Earth Day was first celebrated in 1970. Fast forward 50 years later and here we are in the midst of a global pandemic. While everyone is questioning what happens next, all I can think of is how the skies seem a bit clearer, a bit bluer, the mountains are more vivid and the air tastes cleaner. Less traffic, more hiking and biking. Less time spent at a desk, more time spent outside with family. Maybe, just maybe, being confined to the comforts of our homes has taught us a thing or two. To appreciate the beauty of a warm spring day, to take a longer look at the mountains that surround us, to value the quiet moments, cool breezes and wide open spaces. That’s what Earth Day is all about. Respecting and cherishing the natural world around us.

While most state and national parks remain closed throughout the country, there are still alternative ways to celebrate Earth Day from home:

-Attend a virtual Earth Day event:

-Garden: It seems like a lot of you are already doing this, which is awesome, keep up the good work. For those of you who haven’t started gardening yet, or are looking for ways to start, we’ve got you covered. Check out some of our helpful gardening articles:

-Buy local produce: Buying local veggies from a CSA is important, especially right now. Not only are you purchasing sustainably grown vegetables and fruits, but your supporting local farmers who could really use your help right now. Want to learn more about this? Check out our recent article on why buying local produce is the right choice.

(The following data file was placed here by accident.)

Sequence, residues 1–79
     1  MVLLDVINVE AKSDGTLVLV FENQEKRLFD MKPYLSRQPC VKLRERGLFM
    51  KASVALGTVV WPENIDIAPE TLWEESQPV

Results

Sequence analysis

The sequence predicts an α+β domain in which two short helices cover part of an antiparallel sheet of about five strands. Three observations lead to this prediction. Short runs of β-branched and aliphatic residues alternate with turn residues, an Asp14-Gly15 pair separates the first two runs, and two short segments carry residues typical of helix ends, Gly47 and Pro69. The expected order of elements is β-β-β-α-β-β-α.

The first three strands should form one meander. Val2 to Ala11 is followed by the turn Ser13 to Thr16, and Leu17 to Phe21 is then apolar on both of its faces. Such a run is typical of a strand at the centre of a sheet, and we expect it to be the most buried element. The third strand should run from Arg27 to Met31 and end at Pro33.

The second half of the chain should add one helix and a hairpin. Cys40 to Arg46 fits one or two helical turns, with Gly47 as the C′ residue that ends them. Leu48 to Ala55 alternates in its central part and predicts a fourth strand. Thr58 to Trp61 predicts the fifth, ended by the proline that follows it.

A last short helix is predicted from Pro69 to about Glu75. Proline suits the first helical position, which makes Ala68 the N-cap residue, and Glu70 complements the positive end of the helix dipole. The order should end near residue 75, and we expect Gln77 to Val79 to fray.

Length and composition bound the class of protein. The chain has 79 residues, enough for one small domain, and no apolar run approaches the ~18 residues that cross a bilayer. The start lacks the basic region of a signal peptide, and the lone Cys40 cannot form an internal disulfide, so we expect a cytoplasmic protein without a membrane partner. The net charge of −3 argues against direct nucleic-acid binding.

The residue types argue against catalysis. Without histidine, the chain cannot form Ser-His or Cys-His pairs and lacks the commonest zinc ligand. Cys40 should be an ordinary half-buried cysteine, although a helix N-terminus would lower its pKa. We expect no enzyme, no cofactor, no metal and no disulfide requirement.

-Watch an environmental documentary: There a SO MANY incredible nature and environmental documentaries available to watch. One of which is being screened locally through Salt Lake Film Society’s website: Fantastic Fungi.  Some other recommendations are:

-Go for a walk around your neighborhood: Sure, getting in the van (or truck) and driving out to one of the many national parks in our state sounds like a really nice way to celebrate Mother Earth. Unfortunately, you can’t do that right now. Instead, take a nice long walk through a local park (stay six feet away from anyone else) or a local trail. Go for a walk through your neighborhood. Take in nature any way you can, pay attention to the trees and plants around you.

-Start an environmental book: Whether you like it or not, you have some extra time now. What better way to spend it than reading a book. Grab a blanket, a cup of tea, and go lay out in the sun while reading any of these wonderful environmental books:

-Learn about local biodiversity and its importance: We should all be aware of what lives around us. You might not realize it, but Salt Lake City is full of natural life and biodiversity. The Natural History Museum of Utah wants to help you explore your backyard through their Citizen Science projects. Get outside and learn about plants and animals living in our city!

Read up about environmental issues facing your state: From air quality, oil, coal and gas to protecting our public lands, the beautiful state of Utah unfortunately faces a lot of environmental issues. It’s important to stay aware and understand your voice in these issues. Learn about these issues and get involved through any of these local environmental organizations:

(For a full list of Utah’s environmental organizations, click here)

Stay aware and stay well, Salt Lake. Enjoy this beautiful time of year, and get outside (responsibly).